The philosophy of Epicurus (341-270 B.C.E.) is known (not surprisingly) as Epicureanism. If today the term hints of gluttony, debauchery, and bacchanalian orgies, that is not Epicurus’s fault but the fault of some of his Roman interpreters. Epicurus himself led a life of sobriety and simplicity: eating bread, cheese, and olives; drinking a bit of wine; napping in his hammock; and enjoying conversation with his friends while strolling through his garden. He died with dignity and courage after a painful, protracted disease.

…Epicurus believed that the goal of life was happiness, [and] happiness he equated simply with pleasure. No act should be undertaken except for the pleasure in which it results, and no act should be rejected except for the pain that it produces. This belief provoked Epicurus to analyze the different kinds of pleasure. There are two kinds of desire, hence, two kinds of pleasure as a result of gratifying those desires: natural desire (which has two sub-classes) and vain desire:

I. Natural desire

A. Necessary (e.g., desire for food and sleep)

B. Unnecessary (e.g., desire for sex)

II. Vain desire (e.g., desire for decorative clothing or exotic food)

Natural necessary desires must be satisfied and are usually easy to satisfy. They result in a good deal of pleasure and in very few painful consequences. Vain desires do not need to be satisfied and are not easy to satisfy. Because there are no natural limits to them, they tend to become obsessive and lead to very painful consequences.

The desire for sex is natural but usually can be overcome; and when it can be, it should be, because satisfaction of the sexual drive gives intense pleasure, and all intense emotional states are dangerous. Also, the desire for sex puts people in relationships that are usually ultimately more painful than pleasant and that are often extremely painful.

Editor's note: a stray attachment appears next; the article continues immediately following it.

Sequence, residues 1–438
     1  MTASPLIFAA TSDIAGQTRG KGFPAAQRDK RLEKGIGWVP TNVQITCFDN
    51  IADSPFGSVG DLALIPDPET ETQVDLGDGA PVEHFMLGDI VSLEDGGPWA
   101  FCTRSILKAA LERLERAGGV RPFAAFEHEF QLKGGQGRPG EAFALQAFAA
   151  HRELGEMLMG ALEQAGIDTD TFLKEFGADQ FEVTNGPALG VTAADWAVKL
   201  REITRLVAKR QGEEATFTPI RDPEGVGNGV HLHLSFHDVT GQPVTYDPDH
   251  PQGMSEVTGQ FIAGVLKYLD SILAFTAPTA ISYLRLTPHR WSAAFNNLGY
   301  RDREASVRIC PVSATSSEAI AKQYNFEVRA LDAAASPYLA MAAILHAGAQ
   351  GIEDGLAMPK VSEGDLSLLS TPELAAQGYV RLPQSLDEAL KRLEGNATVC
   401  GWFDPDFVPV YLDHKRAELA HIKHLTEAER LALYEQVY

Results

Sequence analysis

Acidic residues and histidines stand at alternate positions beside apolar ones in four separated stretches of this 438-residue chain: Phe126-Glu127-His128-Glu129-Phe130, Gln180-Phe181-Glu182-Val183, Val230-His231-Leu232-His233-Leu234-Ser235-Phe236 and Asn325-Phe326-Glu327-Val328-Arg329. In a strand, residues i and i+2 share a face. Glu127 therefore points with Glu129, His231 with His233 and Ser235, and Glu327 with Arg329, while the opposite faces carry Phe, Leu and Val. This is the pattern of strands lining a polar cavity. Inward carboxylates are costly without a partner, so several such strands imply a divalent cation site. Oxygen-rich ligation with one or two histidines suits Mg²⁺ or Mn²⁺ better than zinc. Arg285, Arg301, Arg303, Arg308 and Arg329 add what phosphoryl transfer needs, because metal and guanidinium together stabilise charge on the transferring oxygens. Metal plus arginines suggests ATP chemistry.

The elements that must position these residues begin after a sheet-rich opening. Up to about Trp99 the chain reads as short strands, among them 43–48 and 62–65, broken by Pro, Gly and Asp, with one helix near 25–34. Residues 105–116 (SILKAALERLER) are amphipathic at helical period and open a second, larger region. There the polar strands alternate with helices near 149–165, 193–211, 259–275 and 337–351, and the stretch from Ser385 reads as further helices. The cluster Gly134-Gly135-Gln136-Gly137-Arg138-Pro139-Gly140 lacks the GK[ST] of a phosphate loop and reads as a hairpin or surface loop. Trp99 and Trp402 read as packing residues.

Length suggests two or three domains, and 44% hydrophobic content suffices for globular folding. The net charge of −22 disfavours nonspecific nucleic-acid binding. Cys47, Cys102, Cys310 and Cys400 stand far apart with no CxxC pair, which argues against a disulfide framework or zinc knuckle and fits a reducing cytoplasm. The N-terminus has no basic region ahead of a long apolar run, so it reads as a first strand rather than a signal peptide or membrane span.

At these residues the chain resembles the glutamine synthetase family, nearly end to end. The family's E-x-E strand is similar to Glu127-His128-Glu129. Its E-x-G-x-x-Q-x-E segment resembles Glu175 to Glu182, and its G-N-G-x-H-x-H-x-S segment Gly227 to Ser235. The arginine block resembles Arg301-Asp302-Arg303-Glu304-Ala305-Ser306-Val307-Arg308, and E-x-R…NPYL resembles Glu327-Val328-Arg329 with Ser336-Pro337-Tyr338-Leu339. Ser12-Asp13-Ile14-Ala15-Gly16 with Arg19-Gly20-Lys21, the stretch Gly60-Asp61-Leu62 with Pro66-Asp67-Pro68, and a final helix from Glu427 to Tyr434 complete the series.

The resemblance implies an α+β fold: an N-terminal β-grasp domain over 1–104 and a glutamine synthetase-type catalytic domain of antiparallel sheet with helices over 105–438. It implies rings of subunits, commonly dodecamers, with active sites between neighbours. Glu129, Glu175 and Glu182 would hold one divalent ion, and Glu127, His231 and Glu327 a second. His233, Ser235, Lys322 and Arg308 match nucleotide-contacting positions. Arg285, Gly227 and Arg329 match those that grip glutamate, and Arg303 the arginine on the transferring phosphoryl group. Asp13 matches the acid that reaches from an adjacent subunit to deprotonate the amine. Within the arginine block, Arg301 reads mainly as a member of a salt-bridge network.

One of the natural and necessary desires to which Epicurus pays a great deal of attention is the desire for repose. This term is to be understood both physically and psychically. The truly good person (i.e., the one who experiences the most pleasure) is the one who, having overcome all unnecessary desires, gratifies necessary desires in the most moderate way possible, leaves plenty of time for physical an mental repose, and is free from worry.

Notice that Epicurus’s definition of pleasure is negative; that is, pleasure is the absence of pain. It is this negative definition that prevents Epicurus from falling into a crass sensualism. The trouble with this definition is that, taken to its logical extremity, the absence of life is better than any life at all (a conclusion Freud also came to in his text Beyond the Pleasure Principle, where he claimed that behind the “pleasure principle” is Thanatos, the death instinct).

This deduction is a bit ironic because Epicurus himself claimed that his philosophy dispelled the fear of death. Democritus’s atomism led Epicurus to believe that death was merely the absence of sensation and consciousness; therefore, there could be no sensation of consciousness of death to fear. “So long as we exist, death is not with us; but when death comes, then we do not exist.”

Some of Epicurus’s Roman followers interpreted “pleasure” quite differently, defining it as a positive titillation. It is because of these extremists that today Epicureanism is often associated with sensualistic hedonism. Sickly Epicurus, swinging in his hammock, would have disapproved. (Though not harshly. Polemics cause agitation, which is painful.)

Epicurus’s theory never constituted a major philosophical movement, but he had disciples in both Greece and Rome for a number of centuries. His most famous follower was the Roman Lucretius, who, in the first century B.C.E., wrote a long poem, On the Nature of Things, expounding the philosophy of his master. It is through Lucretius’s poem that many readers have been introduced to the thoughts of Epicurus.

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Enjoy this modern take on Epicurus:

http://www.youtube.com/watch?v=…